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Building Codes on-line

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Ref: Codes on line.

In my opinion, all codes of practice, once finalised
and adopted, should be freely posted on the web.

People who publish codes may initially resist this
idea as it cuts into the income which they receive
from the sale of printed versions. 

But their resistance will be shortlived.

Technological advancement cannot be compromised to
protect the commercial interests of any group.

In any case, in my opinion, people who need the code 
and use it daily, will not avoid buying the printed
version just because it is available on the web.

Presently, people freely photocopy extracts and keep
them for reference. This can't be prevented. It can
only be declared illegal. But that will make it more
enjoyable. Forbidden fruit is sweeter.

Having the codes  in pdf format on the web for free
download will be a boon to casual users and enable
them to decide if it is worth having a printed version

It will also be an environment-friendly decision as
much paper is saved. The entire document must be split
into several files so that downloading can be done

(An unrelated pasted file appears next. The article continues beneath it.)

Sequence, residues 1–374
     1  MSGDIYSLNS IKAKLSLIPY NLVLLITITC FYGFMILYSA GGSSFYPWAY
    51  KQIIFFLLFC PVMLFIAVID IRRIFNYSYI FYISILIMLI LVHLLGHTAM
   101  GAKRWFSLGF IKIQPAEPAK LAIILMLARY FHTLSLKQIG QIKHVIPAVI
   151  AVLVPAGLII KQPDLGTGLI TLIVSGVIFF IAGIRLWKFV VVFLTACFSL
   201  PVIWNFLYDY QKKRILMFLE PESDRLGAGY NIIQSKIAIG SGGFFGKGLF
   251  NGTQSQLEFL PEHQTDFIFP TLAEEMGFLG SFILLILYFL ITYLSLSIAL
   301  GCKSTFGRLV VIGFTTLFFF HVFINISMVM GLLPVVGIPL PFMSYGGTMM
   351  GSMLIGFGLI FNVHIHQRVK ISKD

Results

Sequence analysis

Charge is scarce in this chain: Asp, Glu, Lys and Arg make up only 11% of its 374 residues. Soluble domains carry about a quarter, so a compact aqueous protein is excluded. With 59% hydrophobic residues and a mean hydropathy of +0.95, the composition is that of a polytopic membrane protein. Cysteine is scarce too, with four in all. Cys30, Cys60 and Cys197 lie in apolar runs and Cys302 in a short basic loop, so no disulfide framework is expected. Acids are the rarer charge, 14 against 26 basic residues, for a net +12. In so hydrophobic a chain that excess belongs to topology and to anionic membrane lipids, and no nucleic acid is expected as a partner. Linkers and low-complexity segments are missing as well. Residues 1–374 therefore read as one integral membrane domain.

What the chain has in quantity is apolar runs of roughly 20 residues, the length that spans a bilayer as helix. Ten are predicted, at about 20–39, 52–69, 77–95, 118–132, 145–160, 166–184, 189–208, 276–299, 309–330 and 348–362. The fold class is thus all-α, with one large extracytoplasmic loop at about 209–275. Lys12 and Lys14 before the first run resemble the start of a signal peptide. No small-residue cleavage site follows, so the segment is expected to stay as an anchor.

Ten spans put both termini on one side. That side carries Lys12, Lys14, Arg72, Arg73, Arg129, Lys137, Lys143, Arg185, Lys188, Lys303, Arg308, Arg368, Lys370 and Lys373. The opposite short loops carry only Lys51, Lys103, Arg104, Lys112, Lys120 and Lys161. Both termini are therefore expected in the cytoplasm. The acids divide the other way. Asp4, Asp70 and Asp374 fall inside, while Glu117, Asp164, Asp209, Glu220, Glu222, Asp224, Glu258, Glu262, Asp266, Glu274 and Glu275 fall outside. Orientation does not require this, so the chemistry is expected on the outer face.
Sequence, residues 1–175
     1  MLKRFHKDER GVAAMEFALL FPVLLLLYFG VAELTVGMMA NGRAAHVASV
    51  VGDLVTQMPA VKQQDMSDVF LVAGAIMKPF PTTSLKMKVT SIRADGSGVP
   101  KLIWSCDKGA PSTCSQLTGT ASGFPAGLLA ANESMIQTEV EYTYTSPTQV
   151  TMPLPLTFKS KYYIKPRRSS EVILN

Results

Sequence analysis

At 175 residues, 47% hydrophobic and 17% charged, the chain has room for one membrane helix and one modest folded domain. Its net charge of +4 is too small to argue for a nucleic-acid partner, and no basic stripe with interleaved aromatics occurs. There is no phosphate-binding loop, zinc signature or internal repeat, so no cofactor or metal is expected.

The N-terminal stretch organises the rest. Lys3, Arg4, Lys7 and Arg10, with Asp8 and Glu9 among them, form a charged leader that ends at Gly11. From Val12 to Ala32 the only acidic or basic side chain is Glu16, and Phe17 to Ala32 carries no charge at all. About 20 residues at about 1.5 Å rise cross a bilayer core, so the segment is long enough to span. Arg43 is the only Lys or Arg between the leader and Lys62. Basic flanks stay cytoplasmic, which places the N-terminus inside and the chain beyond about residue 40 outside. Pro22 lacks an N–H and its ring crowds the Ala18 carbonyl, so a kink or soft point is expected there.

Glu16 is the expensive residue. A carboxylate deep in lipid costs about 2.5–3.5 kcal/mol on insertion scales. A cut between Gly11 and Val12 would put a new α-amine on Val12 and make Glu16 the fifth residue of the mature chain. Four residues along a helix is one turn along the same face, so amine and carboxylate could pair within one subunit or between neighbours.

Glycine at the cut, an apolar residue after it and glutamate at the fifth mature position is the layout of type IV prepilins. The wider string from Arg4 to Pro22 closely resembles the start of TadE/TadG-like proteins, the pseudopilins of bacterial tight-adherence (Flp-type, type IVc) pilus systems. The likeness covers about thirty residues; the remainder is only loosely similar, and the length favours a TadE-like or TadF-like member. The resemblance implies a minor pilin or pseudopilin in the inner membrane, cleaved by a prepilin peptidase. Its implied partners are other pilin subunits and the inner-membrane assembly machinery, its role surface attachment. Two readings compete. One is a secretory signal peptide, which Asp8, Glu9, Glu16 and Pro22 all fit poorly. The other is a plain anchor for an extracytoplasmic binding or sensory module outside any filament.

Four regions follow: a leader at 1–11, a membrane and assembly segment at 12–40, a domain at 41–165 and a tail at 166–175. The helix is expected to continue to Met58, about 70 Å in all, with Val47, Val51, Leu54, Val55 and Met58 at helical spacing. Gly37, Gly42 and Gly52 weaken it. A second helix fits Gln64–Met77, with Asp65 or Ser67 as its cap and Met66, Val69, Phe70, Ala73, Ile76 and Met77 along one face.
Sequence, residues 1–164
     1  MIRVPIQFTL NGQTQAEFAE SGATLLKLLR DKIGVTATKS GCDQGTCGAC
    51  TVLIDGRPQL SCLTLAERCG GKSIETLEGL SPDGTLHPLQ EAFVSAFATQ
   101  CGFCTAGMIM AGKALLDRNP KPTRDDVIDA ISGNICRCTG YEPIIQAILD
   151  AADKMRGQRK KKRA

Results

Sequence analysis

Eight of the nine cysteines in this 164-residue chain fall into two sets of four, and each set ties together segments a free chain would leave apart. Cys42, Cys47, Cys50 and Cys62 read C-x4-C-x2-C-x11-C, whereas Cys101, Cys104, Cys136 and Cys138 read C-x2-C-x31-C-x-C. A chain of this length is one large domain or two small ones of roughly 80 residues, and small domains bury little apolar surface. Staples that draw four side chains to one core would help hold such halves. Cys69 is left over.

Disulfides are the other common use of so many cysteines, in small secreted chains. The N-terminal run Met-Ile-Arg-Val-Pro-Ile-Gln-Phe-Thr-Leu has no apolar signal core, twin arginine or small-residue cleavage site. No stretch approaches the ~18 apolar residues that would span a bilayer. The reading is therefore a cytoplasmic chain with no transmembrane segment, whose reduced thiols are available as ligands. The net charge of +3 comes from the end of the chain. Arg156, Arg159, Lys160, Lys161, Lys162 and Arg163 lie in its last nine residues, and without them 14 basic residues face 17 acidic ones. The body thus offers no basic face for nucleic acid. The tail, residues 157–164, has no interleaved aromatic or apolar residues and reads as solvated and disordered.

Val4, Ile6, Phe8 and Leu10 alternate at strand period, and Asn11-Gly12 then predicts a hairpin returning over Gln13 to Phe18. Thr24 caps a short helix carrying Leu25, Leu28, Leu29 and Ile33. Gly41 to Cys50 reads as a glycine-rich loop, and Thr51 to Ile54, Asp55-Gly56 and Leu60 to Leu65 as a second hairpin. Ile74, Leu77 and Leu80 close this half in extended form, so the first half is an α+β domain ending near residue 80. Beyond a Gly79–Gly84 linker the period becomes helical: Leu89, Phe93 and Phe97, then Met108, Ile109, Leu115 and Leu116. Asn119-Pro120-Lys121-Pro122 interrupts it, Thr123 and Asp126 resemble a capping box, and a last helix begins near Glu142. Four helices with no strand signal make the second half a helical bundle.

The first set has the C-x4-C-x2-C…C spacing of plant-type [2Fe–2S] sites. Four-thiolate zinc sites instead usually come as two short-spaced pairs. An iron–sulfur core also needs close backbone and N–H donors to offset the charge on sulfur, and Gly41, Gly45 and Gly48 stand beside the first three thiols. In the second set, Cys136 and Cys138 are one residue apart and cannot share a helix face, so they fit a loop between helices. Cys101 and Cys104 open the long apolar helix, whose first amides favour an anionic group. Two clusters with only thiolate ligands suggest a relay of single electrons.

selectively. Most will not feel the need to download
the document in its entirety.

The poeple who host the site, may perhaps be permitted
to ask the user to register and use his address for
limited advertising purposes(not spamming), if they
wish to recover their costs and to give them an

I have downloaded considerable material from the web
and stored them on my hard disk and I browse through
them occasionally. I did not find the need for a
printed version cluttering my desk and book shelf.

The AISC specs are already available on the web.
That has not prevented me from having a printed copy
too. (This is included in the manuals published by

The telephone directories, tax laws, copies of the
constitution, bye-laws and many other documents which
need revision frequently also qualify for free posting
on the web.

I buy only  one newspaper (printed version) but read
three more on-line versions, (when time permits).

I enjoy browsing the CD rom of Microsoft Encarta on my
lap top during leisure moments. I would love to own
Encyclopaedia Brittannica (the printed multivolume
version) but the its cost and space constraints and
limited need for it precludes any decision to go for
it.In any case , is unbeatable. No printed
encyclopaedias are needed now.

I log in to to look up a word. But I
also have three fat dictionaries at home.

If any one resists technological innovations, they
will be dragged kicking and screaming into the modern
internet/computer/software era. Better yield with

G Vishwanath

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